Home

Notify me when new issues are released

 
 
 

Summer 2012, Vol. 9

It’s Not Fair, You See: A Book Essay on Pharisectomy: How to Joyfully Remove Your Inner Pharisee and other
Religiously Transmitted Diseases
(Springfield, MO: Influence Resources, 2012) 149 pages.

Reviewed by Lois E. Olena (D.Min, 2006)
Associate Professor of Practical Theology and Jewish Studies;
D.Min. Project Coordinator; Editor, Encounter Journal
Assemblies of God Theological Seminary
and
Executive Director,
Society for Pentecostal Studies

Printer Friendly Version (PDF)

A Tour Guide for New Believers

The most unfortunate part of Peter Haas’ new book, Pharisectomy: How to Joyfully Remove Your Inner Pharisee and other Religiously Transmitted Diseases, is the title and what it represents. Get beyond that, and you have a lively guidebook to point new believers in the right direction—toward a refreshing encounter with Jesus, whose yoke is easy and burden is light, and toward a joyful experience of God’s love and grace. As a tour guide for new believers, Haas, in his humorous, honest, and personal style, acquaints his fellow travelers with how to handle the not-so-funny reality of those weird and sometimes downright mean church folks. He shows them how to know what constitutes “religious diseases” and how to avoid them.

An Answer for Cynicism

Haas also intends with this volume to provide an answer for young Christians who have been burned and are cynical about church because of ecclesial fights, legalism, pretense, and hypocrisy. He is grieved not only at their exodus from the church in droves, but that they have been edged out by Christian leaders who have all too often justified foisting off onto these vulnerable babes a motivation for obedience based on guilt, shame, fear, obligation, and threats of punishment rather than on the goodness and grace of God. He wishes instead that these wounded brothers and sisters could experience a treasured, joyful relationship with God.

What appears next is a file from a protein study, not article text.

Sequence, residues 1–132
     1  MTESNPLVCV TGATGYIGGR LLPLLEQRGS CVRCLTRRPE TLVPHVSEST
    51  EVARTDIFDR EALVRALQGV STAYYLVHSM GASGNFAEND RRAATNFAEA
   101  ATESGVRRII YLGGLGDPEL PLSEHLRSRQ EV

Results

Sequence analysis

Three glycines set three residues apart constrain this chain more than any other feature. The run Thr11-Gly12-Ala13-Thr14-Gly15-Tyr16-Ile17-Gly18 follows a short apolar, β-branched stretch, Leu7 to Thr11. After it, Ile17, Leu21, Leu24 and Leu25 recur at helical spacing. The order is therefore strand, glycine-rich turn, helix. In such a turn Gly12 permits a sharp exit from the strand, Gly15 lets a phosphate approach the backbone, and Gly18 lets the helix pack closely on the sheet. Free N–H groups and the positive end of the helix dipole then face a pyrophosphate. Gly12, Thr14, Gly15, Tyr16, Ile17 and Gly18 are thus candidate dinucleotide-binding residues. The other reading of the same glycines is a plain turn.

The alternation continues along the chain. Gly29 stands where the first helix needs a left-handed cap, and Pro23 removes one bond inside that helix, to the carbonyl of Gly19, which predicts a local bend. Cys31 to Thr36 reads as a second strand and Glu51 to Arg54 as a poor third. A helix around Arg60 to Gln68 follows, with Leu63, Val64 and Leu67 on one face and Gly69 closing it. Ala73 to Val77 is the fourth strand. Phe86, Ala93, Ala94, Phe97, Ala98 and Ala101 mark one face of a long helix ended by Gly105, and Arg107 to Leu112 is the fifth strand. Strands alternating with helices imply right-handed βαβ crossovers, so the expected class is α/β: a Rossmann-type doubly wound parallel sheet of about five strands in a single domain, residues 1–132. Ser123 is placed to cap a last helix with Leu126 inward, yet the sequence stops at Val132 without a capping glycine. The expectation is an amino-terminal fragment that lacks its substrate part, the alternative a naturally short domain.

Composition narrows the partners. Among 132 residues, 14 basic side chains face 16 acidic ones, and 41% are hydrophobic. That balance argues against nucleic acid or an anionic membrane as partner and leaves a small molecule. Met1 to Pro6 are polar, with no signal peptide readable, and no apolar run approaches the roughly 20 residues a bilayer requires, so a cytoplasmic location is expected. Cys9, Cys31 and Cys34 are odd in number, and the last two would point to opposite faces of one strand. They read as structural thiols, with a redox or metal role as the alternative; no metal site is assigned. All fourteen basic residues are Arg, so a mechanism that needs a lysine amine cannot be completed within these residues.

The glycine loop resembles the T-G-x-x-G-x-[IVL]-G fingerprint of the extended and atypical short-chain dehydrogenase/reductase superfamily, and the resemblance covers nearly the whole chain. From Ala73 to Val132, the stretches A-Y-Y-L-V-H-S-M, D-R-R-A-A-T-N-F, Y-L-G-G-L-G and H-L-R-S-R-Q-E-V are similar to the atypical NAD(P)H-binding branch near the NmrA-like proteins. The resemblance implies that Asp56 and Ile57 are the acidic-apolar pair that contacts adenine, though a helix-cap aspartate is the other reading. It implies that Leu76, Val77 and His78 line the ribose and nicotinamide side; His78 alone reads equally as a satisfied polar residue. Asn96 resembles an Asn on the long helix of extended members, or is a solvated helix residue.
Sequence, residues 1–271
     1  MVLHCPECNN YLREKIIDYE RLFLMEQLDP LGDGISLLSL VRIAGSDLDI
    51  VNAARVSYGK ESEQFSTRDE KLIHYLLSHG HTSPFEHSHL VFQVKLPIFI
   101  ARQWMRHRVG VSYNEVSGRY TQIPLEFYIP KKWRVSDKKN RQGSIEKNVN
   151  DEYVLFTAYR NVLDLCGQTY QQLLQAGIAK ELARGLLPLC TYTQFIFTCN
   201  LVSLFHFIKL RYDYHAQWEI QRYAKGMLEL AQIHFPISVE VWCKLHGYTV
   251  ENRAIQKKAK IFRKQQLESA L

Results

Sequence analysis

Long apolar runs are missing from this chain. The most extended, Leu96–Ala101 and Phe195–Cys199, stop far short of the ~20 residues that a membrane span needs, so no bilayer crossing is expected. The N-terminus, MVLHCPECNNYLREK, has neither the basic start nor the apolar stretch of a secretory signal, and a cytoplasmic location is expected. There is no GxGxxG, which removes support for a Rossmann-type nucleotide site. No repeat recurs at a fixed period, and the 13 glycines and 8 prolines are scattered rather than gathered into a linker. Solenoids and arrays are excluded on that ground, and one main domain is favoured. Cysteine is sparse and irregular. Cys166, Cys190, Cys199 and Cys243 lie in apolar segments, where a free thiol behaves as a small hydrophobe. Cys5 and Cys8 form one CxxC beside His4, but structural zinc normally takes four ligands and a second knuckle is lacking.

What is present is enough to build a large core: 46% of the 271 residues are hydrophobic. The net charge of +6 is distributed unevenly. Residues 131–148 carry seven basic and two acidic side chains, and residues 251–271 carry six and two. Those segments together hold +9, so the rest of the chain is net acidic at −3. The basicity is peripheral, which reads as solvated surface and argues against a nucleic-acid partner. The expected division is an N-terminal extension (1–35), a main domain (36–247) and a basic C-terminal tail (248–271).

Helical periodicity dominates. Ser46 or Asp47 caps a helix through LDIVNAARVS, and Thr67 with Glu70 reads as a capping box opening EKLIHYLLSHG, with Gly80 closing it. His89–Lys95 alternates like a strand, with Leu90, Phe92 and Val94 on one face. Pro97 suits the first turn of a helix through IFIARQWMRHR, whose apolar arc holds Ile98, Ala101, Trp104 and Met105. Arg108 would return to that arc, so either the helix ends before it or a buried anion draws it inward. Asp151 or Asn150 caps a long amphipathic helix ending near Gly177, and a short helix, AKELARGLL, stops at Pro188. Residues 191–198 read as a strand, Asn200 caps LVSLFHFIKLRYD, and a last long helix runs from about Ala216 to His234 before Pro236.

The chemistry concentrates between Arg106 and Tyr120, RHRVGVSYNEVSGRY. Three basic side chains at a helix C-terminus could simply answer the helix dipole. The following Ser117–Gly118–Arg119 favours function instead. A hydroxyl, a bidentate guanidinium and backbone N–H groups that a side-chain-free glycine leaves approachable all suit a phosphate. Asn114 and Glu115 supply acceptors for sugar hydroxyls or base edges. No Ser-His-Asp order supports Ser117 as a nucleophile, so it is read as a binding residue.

As a popular-level guide, this book helps the reader identify (and admit to participation in) the church’s often baffling subculture, with its extra-biblical assumptions and priorities (xvi), in order to point out the road to recovery and spiritual health. The first step toward that health, he says, is a “Pharisectomy”—spiritual heart surgery as it were (13, 40)—to excise the aforementioned religious diseases. Contemporary Christians, Haas writes, need to admit that they are no different, individually and corporately, than the Pharisees (11); those “same pharisaical tendencies are still alive and well” in today’s believers (11), he points out. Christians have a “hidden [and] sneaky” Pharisee “lurking inside” (xxi, 20) that causes them to get lost in the same troubling and “silly” religious behaviors as these first-century hypocrites—but more on those Pharisees in a moment.

At its heart, the book is an excellent push in the right direction, refocusing the attention of believers on the “grace approach” (20) so they can obey God and serve Him out of faith and pure joy instead of obligation; so they can worship Jesus and not the church service itself; so they can understand the difference between discerning and judging; incubate their faith by godly friendships and meditation on Scripture; respond to one another authentically with “maturity, patience, and honor” (111); and commit to unity—providing a place where church can be defined as a “multiplicity of spiritual experiences” (118).